NASA to Boost Speed of Deep Space Communications
View of the Canberra Complex showing the 70m (230 ft.) antenna and the 34m (110 ft.) antennas. The Canberra Deep Space Communications Complex, located outside Canberra, Australia, is one of the three complexes which comprise NASA's Deep Space Network. The other complexes are located in Goldstone, California, and Madrid, Spain.
Credit: NASA.

Rovers and deep space probes can forget about quickly posting cool high-definition videos to YouTube, given the painfully slow data transfer rates for most of today's space missions.

But NASA wants to change that by fusing together three aged space communication networks into a much faster, more efficient data network worthy of 21st century missions to the moon, Mars and beyond. And it hopes to do it all without costing taxpayers an extra cent.

NASA's overhaul aims to boost space communication by as much as 50 times faster than today's data transfer rates, so that a Mars mission squeaking by on a few megabits per second might someday get as much as 600 megabits per second, if not more. That could enable far more scientific payoff per mission in the long run.

"Imagine what you can accomplish with a single mission instead of several spacecraft flying over several years to collect the data," said Badri Younes, NASA's deputy associate administrator for Space Communications and Navigation.

An upgraded network might support the very quick upload or download of huge video files the size of an HD YouTube video, as opposed to current capabilities that would struggle to transfer mp3 music files.

Younes worked at NASA's Goddard Space Flight Center for a decade before leaving to join the U.S. Department of Defense. But the U.S. space agency hired him back in August 2007 for the purpose of revolutionizing its space communication networks.

From Chevy to Lamborghini

Younes faces the tricky task of creating a new space communication network out of NASA systems that have not had upgrades since the early 1990s. He also must ensure that the rebuilding period does not interfere with NASA's support of ongoing space missions, ranging from the International Space Station to Mars orbiters.

"It's like driving a 1960s Chevy that's beat up and losing paint while going at 90 mph, and being pushed to convert that into a Lamborghini while driving 90 mph without losing a beat," Younes told SPACE.com.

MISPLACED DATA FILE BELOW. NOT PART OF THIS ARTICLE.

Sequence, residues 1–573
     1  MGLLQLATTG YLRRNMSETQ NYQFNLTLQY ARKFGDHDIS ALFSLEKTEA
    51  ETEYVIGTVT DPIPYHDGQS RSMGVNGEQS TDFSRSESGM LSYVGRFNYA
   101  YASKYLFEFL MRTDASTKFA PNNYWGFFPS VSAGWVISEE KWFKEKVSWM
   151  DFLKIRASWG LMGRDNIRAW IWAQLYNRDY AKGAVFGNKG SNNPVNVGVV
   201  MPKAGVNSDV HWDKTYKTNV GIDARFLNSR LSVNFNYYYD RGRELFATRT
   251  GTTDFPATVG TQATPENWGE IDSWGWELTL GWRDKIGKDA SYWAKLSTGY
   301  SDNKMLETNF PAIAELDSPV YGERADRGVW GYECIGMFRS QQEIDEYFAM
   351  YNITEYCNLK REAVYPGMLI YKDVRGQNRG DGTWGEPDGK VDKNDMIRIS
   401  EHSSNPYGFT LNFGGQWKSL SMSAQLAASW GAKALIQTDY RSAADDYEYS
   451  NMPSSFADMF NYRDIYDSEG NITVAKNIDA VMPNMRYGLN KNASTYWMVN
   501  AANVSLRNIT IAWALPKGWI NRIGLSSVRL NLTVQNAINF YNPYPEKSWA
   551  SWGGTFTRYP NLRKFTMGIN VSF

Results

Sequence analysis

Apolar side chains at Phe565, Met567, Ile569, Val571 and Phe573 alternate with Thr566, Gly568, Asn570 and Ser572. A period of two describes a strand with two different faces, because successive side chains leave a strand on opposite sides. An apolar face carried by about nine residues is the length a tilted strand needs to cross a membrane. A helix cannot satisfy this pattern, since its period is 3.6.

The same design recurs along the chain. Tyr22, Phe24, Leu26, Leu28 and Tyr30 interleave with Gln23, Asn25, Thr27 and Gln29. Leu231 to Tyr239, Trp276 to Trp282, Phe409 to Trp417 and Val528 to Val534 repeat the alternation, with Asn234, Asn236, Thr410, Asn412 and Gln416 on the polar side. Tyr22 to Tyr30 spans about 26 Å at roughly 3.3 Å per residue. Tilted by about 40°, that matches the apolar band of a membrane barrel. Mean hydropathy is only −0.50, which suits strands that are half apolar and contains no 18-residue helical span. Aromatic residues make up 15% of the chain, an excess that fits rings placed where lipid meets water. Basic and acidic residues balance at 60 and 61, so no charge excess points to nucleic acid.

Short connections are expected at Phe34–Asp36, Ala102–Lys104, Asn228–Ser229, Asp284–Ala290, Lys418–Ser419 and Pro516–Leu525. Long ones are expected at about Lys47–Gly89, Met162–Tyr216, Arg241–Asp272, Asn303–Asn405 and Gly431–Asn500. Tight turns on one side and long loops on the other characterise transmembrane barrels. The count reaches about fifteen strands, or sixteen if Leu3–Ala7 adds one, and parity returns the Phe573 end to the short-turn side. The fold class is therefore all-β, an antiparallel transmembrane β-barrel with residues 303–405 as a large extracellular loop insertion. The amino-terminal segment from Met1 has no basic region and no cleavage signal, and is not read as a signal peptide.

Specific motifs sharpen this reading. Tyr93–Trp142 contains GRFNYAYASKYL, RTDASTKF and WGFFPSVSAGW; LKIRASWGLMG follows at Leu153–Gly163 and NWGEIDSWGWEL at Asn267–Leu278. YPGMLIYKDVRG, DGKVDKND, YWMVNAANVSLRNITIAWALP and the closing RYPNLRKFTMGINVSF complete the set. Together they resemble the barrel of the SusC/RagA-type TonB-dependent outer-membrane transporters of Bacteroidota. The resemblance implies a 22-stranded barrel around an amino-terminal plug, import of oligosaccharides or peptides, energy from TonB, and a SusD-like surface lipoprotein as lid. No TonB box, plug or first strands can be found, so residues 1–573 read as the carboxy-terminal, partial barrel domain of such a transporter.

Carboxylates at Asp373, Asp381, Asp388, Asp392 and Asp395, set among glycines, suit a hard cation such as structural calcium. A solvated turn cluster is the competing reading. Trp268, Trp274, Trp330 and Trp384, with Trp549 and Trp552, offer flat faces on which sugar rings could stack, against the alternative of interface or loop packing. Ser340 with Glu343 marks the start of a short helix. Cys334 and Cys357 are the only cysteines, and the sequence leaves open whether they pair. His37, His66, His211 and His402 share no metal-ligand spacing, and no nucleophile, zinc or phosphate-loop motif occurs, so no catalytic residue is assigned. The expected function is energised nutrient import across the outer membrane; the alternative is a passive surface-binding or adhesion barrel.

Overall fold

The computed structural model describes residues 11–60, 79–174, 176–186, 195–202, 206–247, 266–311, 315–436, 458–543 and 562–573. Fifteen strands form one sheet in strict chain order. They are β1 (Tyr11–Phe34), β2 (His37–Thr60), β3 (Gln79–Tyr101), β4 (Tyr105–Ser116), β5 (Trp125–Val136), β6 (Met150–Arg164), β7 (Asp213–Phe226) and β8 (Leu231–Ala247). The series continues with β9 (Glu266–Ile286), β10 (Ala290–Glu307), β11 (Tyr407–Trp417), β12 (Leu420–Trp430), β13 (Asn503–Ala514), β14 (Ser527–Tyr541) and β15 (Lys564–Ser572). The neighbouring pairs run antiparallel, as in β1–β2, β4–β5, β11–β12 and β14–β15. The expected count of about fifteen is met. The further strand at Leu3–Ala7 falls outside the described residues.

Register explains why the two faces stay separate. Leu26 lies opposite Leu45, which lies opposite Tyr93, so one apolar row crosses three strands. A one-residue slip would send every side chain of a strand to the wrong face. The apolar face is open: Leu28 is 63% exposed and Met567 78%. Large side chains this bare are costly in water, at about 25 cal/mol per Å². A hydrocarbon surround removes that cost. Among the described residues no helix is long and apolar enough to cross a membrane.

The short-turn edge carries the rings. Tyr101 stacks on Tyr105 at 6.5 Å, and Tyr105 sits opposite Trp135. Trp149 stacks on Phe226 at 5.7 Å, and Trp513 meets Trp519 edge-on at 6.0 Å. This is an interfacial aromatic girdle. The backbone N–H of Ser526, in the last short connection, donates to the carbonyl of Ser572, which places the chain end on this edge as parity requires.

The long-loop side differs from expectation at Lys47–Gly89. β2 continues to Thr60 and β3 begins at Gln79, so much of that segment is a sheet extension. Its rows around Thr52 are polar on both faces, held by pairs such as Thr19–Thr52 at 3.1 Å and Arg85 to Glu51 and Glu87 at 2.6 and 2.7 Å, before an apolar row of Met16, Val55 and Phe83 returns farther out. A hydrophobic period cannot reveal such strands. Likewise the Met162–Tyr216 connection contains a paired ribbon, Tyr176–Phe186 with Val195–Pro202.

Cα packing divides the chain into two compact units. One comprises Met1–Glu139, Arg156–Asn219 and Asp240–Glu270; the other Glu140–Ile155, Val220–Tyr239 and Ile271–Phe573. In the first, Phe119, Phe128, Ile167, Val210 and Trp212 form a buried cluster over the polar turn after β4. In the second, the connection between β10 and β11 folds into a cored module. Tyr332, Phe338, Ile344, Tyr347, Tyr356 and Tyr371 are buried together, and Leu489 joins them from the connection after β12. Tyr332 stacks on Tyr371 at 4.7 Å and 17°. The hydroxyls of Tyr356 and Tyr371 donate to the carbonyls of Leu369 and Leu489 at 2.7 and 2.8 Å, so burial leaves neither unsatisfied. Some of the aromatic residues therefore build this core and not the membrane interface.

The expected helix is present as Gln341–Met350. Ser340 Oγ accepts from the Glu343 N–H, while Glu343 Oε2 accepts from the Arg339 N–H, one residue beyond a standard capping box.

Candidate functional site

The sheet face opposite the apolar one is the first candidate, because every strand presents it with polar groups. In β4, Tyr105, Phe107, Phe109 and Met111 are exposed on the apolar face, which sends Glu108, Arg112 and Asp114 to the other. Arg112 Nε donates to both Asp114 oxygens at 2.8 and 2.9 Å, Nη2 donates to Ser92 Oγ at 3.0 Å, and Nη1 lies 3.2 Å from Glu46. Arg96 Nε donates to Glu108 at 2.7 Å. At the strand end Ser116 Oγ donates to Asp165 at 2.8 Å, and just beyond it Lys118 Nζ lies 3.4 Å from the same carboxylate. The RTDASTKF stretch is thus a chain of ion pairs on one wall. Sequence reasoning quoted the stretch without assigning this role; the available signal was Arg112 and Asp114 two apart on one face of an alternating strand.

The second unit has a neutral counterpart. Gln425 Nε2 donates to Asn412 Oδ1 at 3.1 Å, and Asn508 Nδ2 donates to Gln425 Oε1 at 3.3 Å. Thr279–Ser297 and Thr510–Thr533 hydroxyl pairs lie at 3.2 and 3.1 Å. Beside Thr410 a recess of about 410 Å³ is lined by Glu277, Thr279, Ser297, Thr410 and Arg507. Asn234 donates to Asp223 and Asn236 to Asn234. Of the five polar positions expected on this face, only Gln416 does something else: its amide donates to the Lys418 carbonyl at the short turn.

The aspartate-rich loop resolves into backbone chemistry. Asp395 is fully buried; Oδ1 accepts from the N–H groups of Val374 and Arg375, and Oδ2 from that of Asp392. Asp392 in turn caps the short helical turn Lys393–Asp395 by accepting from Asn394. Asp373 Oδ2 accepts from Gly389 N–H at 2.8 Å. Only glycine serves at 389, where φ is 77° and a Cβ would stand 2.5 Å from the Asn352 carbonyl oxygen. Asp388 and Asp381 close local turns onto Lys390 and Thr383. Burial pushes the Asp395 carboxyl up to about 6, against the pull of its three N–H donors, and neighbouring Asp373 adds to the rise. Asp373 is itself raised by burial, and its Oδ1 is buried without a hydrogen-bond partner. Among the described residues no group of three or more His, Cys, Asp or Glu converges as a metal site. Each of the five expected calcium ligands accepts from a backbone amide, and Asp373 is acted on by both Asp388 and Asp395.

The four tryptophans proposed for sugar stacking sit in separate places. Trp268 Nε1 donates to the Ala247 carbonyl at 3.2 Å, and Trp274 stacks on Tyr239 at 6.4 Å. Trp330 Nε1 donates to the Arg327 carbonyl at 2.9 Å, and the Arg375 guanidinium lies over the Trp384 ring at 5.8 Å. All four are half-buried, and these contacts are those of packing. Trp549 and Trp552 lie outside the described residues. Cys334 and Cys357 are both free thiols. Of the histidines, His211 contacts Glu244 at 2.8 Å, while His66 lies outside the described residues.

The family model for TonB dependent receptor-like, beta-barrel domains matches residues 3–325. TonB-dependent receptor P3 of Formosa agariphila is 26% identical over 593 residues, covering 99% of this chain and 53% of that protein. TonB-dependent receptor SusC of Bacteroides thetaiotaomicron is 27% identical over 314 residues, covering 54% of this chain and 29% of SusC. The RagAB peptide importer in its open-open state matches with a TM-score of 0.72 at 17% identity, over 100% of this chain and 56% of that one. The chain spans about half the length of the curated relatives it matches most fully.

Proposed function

The challenge goes beyond consolidating command centers and launching new satellites to support NASA's Space Network (SN), Near-earth Network (NEN), and Deep Space Network (DSN). Younes has already begun to reduce maintenance and operation costs by putting in new automated and smart systems, so that he can transfer the cost savings within his $400 million annual budget into new space communications capabilities and technologies.

In the past, NASA has cobbled together its space communication networks based on the demands of each new space mission. But that piecemeal approach has limited the technological upgrades, because each mission had to pay out of its own pocket.

By doing a wholesale upgrade of a unified space communication network, Younes can offer mission managers capabilities that they would otherwise have never dreamed of. He has already targeted 2018 as the latest date for integrating the three existing space networks.

Lasers point to the future

The U.S. space agency is already pushing new communication innovations such as disruption tolerant networking. The NASA-developed Internet protocol ensures that communication delays or disruptions from solar storms won't disrupt the flow of data packets across space networks, and has undergone testing in near-Earth as well as deep-space missions.

Speed boosts may come from newer Ka-band transmitters that still work in the radio spectrum ? the Lunar Reconnaissance Orbiter can send or receive 100 megabits per second with its Ka-band transmitter. NASA also plans to implement communication protocols that can increase the virtual bandwidth available to space missions,

But one of the biggest communication revolutions will come from laser-driven optical communication, as opposed to current space communications based on radio frequencies. Lasers could allow data transfer speeds of up to 600 megabits per second, as Younes hopes, or perhaps even speeds surpassing 1 gigabit per second (1 gigabit = 1024 megabits) from the moon or Mars. That data stream could be even higher for a near-Earth spacecraft or outpost such as the space station.

NASA has already enlisted the help of MIT to build and demo a laser communications system aboard the Lunar Atmosphere and Dust Environment Explorer, slated for launch in late 2011. A successful test would go a long way toward ensuring that NASA's Constellation astronauts returning to the moon have a much faster connection to Earth.

"You have to start with the premise that anything you do in life can always be optimized," Younes said.